Here are some of the most googled crocodile whys about crocodiles and the answers to them.
Continue reading Top 10 Most Googled Crocodile Whys
According to measurements from Mauna Loa Observatory in Hawaii, with 410.31 ppm (parts per million), the level of carbon dioxide in Earth’s atmosphere hit a new high in April 2018. This is the highest point for the last 800,000 years.
Continue reading Atmospheric Carbon Dioxide Reached the Highest Levels in 800,000 years
43% of Americans would be more likely to donate to an endangered species if it were cute, according to a study titled “Selective Sympathy: Comparing Sentiment Toward the Appearance of Endangered Species” published by African Wildlife Foundation (AWF). A team at AWF has surveyed 1k Americans on how much they know about wildlife conservation, and how much they’re willing to open their wallets to help endangered animals. Here’s what they found:
Continue reading Endangered animals more likely to get donated if they’re cute, study says
ESA’s (European Space Agency) Gaia spacecraft has created the most accurate and detailed map of the Milky Way galaxy (and beyond) to date. The map includes high-precision measurements of nearly 1.7 billion stars and reveals previously unseen details of our home Galaxy. It is the second iteration of the map and published by ESA on April 25, 2018.
Continue reading ESA’s Gaia has Created the Most Detailed Map of the Milky Way
On May 5, 2018, NASA’s robotic Mars lander, InSight, which designed to study the interior of Mars, was launched from Vandenberg Air Force Base space launch complex 3-East. This was the first American interplanetary mission to launch from California. Andy Fortson, adventure and lifestyle photographer based in Los Angeles, California has photographed the launch and the result is stunning.
Continue reading Photographer Catches the Launch of NASA’s Mars InSight Lander
In 1981, when I was nine years old, my father took me to see Raiders of the Lost Ark. Although I had to squint my eyes during some of the scary scenes, I loved it – in particular because I was fairly sure that Harrison Ford’s character was based on my dad. My father was a palaeontologist at the University of Chicago, and I’d gone on several field trips with him to the Rocky Mountains, where he seemed to transform into a rock-hammer-wielding superhero.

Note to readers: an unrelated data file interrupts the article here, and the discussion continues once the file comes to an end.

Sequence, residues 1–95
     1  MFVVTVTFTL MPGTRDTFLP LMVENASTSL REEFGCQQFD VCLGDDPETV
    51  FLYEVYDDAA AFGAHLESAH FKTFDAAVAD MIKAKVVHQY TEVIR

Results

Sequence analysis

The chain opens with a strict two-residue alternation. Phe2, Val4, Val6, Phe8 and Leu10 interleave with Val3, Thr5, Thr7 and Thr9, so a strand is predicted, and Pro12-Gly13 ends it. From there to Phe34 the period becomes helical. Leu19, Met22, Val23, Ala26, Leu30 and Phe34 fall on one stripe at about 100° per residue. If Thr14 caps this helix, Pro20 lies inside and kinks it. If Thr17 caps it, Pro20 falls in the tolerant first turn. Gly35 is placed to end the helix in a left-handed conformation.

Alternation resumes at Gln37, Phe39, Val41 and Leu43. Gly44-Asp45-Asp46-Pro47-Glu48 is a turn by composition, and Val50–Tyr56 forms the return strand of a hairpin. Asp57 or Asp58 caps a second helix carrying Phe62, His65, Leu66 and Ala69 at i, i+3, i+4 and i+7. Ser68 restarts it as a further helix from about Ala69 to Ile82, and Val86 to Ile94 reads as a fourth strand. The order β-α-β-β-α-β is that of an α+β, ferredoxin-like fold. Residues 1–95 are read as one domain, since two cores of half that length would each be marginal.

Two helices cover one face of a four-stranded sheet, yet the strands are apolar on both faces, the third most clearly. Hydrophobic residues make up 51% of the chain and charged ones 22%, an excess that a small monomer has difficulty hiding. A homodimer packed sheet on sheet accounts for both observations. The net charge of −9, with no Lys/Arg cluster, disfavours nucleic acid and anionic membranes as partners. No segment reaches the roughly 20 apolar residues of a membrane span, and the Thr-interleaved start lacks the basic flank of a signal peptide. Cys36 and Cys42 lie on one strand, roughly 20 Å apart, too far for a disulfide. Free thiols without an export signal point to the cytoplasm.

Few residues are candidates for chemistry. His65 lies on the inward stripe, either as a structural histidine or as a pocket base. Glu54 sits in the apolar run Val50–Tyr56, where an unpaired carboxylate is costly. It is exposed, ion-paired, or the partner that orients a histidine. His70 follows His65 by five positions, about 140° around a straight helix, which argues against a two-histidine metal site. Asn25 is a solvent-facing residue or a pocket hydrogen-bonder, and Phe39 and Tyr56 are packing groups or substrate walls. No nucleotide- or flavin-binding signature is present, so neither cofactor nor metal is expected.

Continue reading What a fossil revolution reveals about the history of ‘big data’
What would it be like to stand on the surface of another planet? “We The Curious” channel has teamed up with a group of astrophysicists to create a scientifically accurate virtual reality tour of six planets discovered outside our solar system. The fruit of this collaboration is the video below, in 4K Ultra-HD and 360-degree. Narrated and produced by: Ross Exton.
Continue reading Virtual Reality Tour of 6 Real Exoplanets in 4K Ultra-HD, 360°
A new study published on April 26, 2018, suggests that TRAPPIST-1e, an exoplanet orbiting the red dwarf star TRAPPIST-1, has a large iron core. This could mean that the planet TRAPPIST-1e may have a protective magnetosphereNotes 1 like we have here on Earth.
Continue reading TRAPPIST-1e has an Iron Core
The dynamics of the ocean and the atmosphere are strongly influenced by the Earth’s rotation. Currently, our planet rotates from west to east (prograde, which appears counterclockwise) with a linear velocity of 465.1013 m/s (1674.365 km/h or 1040.40 mph) at the equator. What would happen if the Earth started spinning backward (from east to west)?
Continue reading What Would Happen If the Earth Started Spinning Backward?
NASA has published a video titled “Earth’s Biosphere: The Green Marble”, showing the monthly averages of land greenness (vegetation) and ocean chlorophyll. You can watch how the primary producers (plants and phytoplankton) transform the Earth’s landmasses and oceans over 12 months.
Continue reading Watch: Earth’s Biosphere – Monthly Averages of Land Greenness (Vegetation) and Ocean Chlorophyll